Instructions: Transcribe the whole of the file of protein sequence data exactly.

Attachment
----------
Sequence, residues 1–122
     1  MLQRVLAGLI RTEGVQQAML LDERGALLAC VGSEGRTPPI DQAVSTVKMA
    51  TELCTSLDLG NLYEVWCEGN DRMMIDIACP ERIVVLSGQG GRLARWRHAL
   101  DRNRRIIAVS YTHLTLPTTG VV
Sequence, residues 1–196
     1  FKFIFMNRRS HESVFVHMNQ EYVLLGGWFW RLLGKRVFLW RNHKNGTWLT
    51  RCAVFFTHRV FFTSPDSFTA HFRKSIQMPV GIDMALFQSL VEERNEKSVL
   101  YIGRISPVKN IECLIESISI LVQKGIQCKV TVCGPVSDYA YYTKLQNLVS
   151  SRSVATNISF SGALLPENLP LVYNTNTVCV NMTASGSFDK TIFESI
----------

Sequence, residues 1–122
     1  MLQRVLAGLI RTEGVQQAML LDERGALLAC VGSEGRTPPI DQAVSTVKMA
    51  TELCTSLDLG NLYEVWCEGN DRMMIDIACP ERIVVLSGQG GRLARWRHAL
   101  DRNRRIIAVS YTHLTLPTTG VV
Sequence, residues 1–196
     1  FKFIFMNRRS HESVFVHMNQ EYVLLGGWFW RLLGKRVFLW RNHKNGTWLT
    51  RCAVFFTHRV FFTSPDSFTA HFRKSIQMPV GIDMALFQSL VEERNEKSVL
   101  YIGRISPVKN IECLIESISI LVQKGIQCKV TVCGPVSDYA YYTKLQNLVS
   151  SRSVATNISF SGALLPENLP LVYNTNTVCV NMTASGSFDK TIFESI